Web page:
Beijing hopes for a transparent review of Huawei's purchase of 3Leaf Systems, a Commerce Ministry spokesman said. Huawei says it was told by a U.S. security review panel that it must sell 3Leaf, which it bought last May, or the committee will recommend that President Barack Obama cancel the deal.
"We hope the U.S. security examination laws and regulations can treat a Chinese company fairly, regardless of whether it is publicly traded, state-owned or private, and can carry out a transparent, predictable review," said ministry spokesman Yao Jian.
Companies that receive such a verdict from the Committee on Foreign Investment in the United States often withdraw proposed deals. But Huawei has said it will stick to its plans and recommend that Obama approve the deal anyway.
Huawei says it failed to apply for U.S. government approval because it bought 3Leaf's technology and hired some employees but did not purchase the whole company. The Pentagon took the unusual step of demanding that Huawei retroactively apply for a CFIUS review of the $2 million acquisition.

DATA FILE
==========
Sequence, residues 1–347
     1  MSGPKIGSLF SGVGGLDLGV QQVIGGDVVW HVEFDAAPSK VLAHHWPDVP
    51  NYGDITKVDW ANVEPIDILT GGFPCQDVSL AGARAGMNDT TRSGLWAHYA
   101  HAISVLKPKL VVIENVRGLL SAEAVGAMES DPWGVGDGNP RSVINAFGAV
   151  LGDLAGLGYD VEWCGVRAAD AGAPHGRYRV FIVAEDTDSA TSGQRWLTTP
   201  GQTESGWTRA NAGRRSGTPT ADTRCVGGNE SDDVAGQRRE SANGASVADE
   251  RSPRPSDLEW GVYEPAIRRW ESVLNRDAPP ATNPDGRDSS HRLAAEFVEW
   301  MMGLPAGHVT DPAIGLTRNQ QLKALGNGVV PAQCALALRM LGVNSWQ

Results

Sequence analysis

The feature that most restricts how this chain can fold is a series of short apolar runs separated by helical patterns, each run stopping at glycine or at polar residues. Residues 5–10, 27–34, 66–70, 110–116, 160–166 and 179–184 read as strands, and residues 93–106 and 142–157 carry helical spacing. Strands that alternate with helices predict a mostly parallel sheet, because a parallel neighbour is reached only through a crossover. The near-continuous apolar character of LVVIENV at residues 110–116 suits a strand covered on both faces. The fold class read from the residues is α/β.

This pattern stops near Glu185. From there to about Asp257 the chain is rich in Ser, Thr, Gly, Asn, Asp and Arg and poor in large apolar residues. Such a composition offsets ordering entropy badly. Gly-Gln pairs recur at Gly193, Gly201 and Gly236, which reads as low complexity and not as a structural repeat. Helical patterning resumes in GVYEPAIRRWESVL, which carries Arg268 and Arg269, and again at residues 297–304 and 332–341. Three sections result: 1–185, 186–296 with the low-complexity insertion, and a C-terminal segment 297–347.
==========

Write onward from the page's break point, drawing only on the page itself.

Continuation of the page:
A group of U.S. lawmakers appealed to Treasury Secretary Timothy Geithner and Commerce Secretary Gary Locke in a letter last week to examine the 3Leaf deal closely. The California company makes products for "cloud computing," and the lawmakers said the Huawei deal could transfer sensitive technology to China.
Huawei Technologies Ltd. is one of the biggest makers of network switching gear and reported sales of $28 billion last year. It has struggled to gain a foothold in the United States against rivals such as Cisco Systems Inc.
Huawei was founded by a former Chinese military officer but says it is owned by its employees and has denied that it has any connection to the People's Liberation Army.